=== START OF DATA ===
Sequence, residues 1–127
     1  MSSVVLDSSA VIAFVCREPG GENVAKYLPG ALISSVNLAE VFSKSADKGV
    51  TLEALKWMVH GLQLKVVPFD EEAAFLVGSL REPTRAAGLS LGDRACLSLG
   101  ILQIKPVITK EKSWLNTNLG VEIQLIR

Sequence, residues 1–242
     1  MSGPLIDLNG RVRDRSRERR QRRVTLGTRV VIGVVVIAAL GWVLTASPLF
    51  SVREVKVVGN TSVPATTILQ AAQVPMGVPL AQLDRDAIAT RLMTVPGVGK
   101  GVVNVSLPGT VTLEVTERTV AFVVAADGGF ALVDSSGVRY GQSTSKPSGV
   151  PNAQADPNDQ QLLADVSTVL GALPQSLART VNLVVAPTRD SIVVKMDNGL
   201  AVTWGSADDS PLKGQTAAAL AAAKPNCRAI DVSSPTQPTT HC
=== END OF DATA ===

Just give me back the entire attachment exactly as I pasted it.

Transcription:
Sequence, residues 1–127
     1  MSSVVLDSSA VIAFVCREPG GENVAKYLPG ALISSVNLAE VFSKSADKGV
    51  TLEALKWMVH GLQLKVVPFD EEAAFLVGSL REPTRAAGLS LGDRACLSLG
   101  ILQIKPVITK EKSWLNTNLG VEIQLIR

Sequence, residues 1–242
     1  MSGPLIDLNG RVRDRSRERR QRRVTLGTRV VIGVVVIAAL GWVLTASPLF
    51  SVREVKVVGN TSVPATTILQ AAQVPMGVPL AQLDRDAIAT RLMTVPGVGK
   101  GVVNVSLPGT VTLEVTERTV AFVVAADGGF ALVDSSGVRY GQSTSKPSGV
   151  PNAQADPNDQ QLLADVSTVL GALPQSLART VNLVVAPTRD SIVVKMDNGL
   201  AVTWGSADDS PLKGQTAAAL AAAKPNCRAI DVSSPTQPTT HC